United States: The Defend Trade Secrets Act—One Year Later

On May 11, 2016, President Barack Obama signed into law the Defend Trade Secrets Act (DTSA) for the purpose of protecting American businesses from economic espionage. The law is notable for, among other things, providing easier access to federal courts as well as the possibility of double damages, attorney fees and the right to ex parte seizure of misappropriated information.

Since its enactment, federal courts across the United States have agreed that the language in the DTSA—"on or after the date of the enactment of this act (May 11, 2016)"—limits recovery for ­parties wronged. However, limiting recovery means something different depending on the conduct complained of under the DTSA.

Briefly, the DTSA provides wronged parties with three "misappropriation" theories: acquisition, disclosure or use of a trade secret. The statute of limitations is three years after the date on which the ­misappropriation is or should have been discovered, but a continuing misappropriation is a single ­misappropriation—for purposes of the ­statute of limitations section only, 18 U.S.C. 1836(d).

So what happens when "misappropriation" occurred both before and after May 11, 2016, and what does that mean for the possibility of recovery?

It depends.

The analysis of these sections began with Dazzle Software II v. Kinney, No. 16-cv-12191 (E.D. Mich. Aug. 22, 2016). The court dismissed the DTSA count of the plaintiff's complaint because it alleged only conduct before the effective date, but permitted plaintiff, after discovery, to ­re-plead this count based on conduct after May 11, 2016.

In September 2016, both the Southern District of New York and the Middle District of Florida analyzed such a ­scenario in Syntel Sterling Best Shores Mauritius v. Trizetto Group and Adams Arms v. Unified Weapon Systems, 
respectively.

In Syntel Sterling, the defendant sought leave to amend and add a counterclaim under the DTSA, It alleged conduct that occurred both before and after May 11, 2016. Specifically, Trizetto alleged that, from September 2014, through February 2015, the plaintiff acquired trade secrets. Trizetto then alleged that the plaintiff used and continued to use the secrets to directly compete for the same clients. The Southern District of New York specifically recognized that the statute defines misappropriation as "disclosure or use," and granted the motion to amend because the proposed counterclaim alleged continued use after May 11, 2016. So although acquisition and some use occurred before May 11, 2016, continued use after May 11, 2016, was actionable and permitted "partial" recovery under the DTSA.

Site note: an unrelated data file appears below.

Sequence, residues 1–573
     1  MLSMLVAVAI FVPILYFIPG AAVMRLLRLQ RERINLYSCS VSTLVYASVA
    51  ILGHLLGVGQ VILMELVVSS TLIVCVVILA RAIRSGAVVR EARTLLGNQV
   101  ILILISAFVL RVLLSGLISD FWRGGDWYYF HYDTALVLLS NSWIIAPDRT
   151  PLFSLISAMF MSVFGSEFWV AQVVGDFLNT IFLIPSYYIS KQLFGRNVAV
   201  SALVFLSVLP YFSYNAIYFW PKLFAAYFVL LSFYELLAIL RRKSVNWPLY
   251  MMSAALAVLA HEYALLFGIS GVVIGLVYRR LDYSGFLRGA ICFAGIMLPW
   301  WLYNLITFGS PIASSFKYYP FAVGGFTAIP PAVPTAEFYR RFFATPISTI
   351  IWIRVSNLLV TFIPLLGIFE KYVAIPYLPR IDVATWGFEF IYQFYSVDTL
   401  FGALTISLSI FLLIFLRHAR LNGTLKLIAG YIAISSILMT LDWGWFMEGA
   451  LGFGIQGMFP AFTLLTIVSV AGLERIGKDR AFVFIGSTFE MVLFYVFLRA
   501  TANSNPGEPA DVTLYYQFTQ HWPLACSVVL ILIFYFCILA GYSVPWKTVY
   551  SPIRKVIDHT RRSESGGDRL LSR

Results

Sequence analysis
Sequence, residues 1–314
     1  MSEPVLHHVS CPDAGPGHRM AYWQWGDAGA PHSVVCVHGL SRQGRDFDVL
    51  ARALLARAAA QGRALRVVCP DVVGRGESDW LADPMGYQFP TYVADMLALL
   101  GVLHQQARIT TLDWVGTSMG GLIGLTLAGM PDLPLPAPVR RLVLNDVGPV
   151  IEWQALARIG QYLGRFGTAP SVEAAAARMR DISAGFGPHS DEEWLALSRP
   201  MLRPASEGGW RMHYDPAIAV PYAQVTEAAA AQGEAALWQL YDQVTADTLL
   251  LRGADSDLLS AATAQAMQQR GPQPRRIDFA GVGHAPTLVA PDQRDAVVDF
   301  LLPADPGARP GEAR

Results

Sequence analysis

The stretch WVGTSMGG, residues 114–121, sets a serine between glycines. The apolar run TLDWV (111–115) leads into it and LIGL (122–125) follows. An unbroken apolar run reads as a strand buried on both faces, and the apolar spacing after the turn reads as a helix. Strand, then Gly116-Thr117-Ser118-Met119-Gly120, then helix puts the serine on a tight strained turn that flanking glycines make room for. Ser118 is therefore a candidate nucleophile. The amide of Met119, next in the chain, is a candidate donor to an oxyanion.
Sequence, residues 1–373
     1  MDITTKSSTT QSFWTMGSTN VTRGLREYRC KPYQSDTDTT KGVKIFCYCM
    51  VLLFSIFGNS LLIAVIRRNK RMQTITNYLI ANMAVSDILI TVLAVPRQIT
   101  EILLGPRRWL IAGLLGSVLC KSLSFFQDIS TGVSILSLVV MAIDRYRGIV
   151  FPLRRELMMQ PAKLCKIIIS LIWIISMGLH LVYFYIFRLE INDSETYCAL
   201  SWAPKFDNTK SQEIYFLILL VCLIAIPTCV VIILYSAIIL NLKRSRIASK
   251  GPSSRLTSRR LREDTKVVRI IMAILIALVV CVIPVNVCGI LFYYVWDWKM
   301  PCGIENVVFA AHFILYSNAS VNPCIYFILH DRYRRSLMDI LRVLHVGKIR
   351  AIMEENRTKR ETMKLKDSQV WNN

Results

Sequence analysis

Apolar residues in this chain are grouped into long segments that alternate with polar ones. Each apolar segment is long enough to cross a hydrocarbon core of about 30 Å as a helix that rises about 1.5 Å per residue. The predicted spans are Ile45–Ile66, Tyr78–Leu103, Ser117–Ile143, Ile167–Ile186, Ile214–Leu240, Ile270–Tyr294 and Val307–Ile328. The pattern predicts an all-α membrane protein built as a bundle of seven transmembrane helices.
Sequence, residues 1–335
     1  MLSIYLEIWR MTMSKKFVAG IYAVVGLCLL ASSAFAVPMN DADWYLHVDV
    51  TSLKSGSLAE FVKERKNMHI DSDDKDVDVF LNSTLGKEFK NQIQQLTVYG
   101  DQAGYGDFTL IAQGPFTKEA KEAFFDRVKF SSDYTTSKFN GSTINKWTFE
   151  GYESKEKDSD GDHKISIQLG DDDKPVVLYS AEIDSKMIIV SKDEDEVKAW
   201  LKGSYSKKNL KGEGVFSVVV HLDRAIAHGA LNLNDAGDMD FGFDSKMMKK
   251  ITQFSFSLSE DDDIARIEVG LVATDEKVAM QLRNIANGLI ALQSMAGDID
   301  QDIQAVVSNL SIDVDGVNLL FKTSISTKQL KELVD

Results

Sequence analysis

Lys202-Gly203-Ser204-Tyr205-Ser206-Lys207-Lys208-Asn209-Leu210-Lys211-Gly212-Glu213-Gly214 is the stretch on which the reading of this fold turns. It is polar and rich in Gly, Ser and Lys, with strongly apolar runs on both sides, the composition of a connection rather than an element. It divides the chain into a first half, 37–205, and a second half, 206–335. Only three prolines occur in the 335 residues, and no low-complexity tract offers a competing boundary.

In Adams Arms, defendant Unified Weapon System, moved to dismiss Adams Arms' count under the DTSA, arguing that the "continuing misappropriation" language in 18 U.S.C. 1836(d) applied to the ­enactment section of the DTSA as well. That is, the defendant argued that any conduct after May 11, 2016, was part of one continuous misappropriation, even conduct after May 11, 2016, was not actionable. The Middle District of Florida rejected this argument based on the clear legislative intent evident from the language of the statute to make the continuing misappropriation doctrine only apply for purposes of the statute of limitations section.

Instead, the district court made clear that partial recovery is available when conduct occurs before and after May 11, 2016. In this case, the plaintiff alleged the defendant acquired the secrets before May 11, 2016, but that all disclosure occurred after May 11, 2016. Therefore, the court permitted the plaintiff to retain its DTSA claim but limited its potential recovery to that which resulted from the disclosure. Thus, in this case, the entire acquisition of the trade secrets occurred before May 11, 2016 and all the disclosure after May 11, 2016—so there was no "continued" conduct, but, rather, separate ­misappropriation grounds arising before and after the enactment of the DTSA. One misappropriation ground (acquisition, disclosure or use) based upon conduct after its enactment is sufficient for recovery under the DTSA.